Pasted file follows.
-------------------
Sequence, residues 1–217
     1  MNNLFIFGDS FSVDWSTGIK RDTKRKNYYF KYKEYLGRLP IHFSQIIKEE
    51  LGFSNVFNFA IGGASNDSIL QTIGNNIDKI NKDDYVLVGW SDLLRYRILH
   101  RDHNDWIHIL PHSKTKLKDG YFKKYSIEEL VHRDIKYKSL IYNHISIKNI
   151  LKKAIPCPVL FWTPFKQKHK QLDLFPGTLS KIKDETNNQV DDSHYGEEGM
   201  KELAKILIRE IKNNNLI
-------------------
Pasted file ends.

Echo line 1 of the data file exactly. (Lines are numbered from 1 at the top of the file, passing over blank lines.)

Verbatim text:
Sequence, residues 1–217